Finally he came back, went over to the picture, and examined it. In the dim arrested light that struggled through the cream-coloured silk blinds, the face appeared to him to be a little changed. The expression looked different. One would have said that there was a touch of cruelty in the mouth. It was certainly strange.

– Oscar Wilde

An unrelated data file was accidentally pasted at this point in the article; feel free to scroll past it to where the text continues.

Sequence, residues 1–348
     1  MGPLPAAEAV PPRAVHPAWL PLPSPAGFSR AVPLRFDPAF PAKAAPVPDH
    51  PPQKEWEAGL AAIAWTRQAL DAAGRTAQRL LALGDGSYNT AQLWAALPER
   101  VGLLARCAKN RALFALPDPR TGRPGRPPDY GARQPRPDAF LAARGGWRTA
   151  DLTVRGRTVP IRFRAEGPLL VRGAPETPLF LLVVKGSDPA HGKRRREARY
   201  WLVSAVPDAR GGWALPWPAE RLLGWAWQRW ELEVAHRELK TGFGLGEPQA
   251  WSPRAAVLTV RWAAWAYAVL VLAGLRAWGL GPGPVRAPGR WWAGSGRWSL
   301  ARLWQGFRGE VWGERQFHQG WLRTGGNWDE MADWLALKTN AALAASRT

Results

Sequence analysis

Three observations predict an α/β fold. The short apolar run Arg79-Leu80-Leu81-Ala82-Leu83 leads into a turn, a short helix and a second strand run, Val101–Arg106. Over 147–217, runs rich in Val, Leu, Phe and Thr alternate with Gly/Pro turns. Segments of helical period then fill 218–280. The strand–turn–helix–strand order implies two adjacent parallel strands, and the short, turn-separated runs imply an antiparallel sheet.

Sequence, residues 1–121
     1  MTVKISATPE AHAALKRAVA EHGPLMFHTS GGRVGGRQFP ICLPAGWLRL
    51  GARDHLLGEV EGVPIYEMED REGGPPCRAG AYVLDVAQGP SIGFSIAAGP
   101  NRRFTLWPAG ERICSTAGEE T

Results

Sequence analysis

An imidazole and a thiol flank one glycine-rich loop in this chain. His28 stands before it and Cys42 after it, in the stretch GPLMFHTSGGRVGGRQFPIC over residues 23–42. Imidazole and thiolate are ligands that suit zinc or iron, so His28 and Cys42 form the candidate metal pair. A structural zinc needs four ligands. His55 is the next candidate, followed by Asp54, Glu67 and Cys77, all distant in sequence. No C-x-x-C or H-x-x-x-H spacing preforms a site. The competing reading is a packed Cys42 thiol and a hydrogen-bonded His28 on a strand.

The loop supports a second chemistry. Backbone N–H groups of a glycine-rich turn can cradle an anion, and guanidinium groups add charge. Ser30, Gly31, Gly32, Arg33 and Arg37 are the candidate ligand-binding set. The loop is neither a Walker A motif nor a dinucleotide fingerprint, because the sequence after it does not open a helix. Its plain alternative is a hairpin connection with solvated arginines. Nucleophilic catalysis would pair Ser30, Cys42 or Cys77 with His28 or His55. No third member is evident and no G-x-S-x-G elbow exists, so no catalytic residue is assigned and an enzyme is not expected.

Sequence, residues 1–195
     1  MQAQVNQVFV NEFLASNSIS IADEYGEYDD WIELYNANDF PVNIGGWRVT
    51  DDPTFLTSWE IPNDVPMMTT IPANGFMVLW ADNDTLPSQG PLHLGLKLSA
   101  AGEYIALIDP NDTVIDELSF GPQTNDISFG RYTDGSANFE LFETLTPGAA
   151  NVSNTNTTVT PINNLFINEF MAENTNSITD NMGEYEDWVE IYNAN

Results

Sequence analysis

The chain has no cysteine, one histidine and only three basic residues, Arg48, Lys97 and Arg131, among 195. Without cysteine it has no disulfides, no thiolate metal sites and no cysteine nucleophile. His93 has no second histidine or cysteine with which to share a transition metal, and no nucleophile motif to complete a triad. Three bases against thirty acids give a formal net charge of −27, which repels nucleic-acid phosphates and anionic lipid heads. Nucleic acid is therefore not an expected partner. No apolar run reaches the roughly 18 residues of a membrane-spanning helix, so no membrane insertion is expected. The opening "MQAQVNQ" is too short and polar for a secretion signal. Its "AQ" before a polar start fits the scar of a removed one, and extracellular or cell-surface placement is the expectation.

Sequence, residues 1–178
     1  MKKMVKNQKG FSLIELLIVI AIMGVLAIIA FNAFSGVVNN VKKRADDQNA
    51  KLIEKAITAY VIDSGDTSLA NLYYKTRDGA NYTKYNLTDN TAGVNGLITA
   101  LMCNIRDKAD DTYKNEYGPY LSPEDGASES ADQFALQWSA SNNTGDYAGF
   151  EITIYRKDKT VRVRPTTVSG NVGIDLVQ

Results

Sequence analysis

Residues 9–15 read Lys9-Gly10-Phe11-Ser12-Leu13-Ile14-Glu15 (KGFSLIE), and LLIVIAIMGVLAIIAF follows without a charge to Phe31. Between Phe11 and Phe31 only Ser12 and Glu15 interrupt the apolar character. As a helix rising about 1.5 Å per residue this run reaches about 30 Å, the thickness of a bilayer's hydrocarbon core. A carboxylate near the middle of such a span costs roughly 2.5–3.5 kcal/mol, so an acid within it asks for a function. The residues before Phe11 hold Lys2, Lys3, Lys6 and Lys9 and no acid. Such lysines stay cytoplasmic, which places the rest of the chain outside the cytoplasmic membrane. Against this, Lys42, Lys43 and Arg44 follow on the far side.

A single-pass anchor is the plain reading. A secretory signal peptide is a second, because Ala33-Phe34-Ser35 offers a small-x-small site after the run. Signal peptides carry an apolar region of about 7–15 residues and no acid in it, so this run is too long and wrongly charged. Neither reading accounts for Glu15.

The Picture of Dorian Gray, Chapter 7. Following his brutal dismissal of Sibyl, Dorian examines his portait and is startled by a change in it: in the mouth there is an expression of cruelty. The portrait has become a moral metaphor of Dorian. As his soul embraces evil and corruption, so the painting will bear the burden of his growing ugliness. It has taken on a life of its own and will become both Dorian’s curse and his doppelganger. What started out seemingly as a novel of manners becomes a true Gothic novel.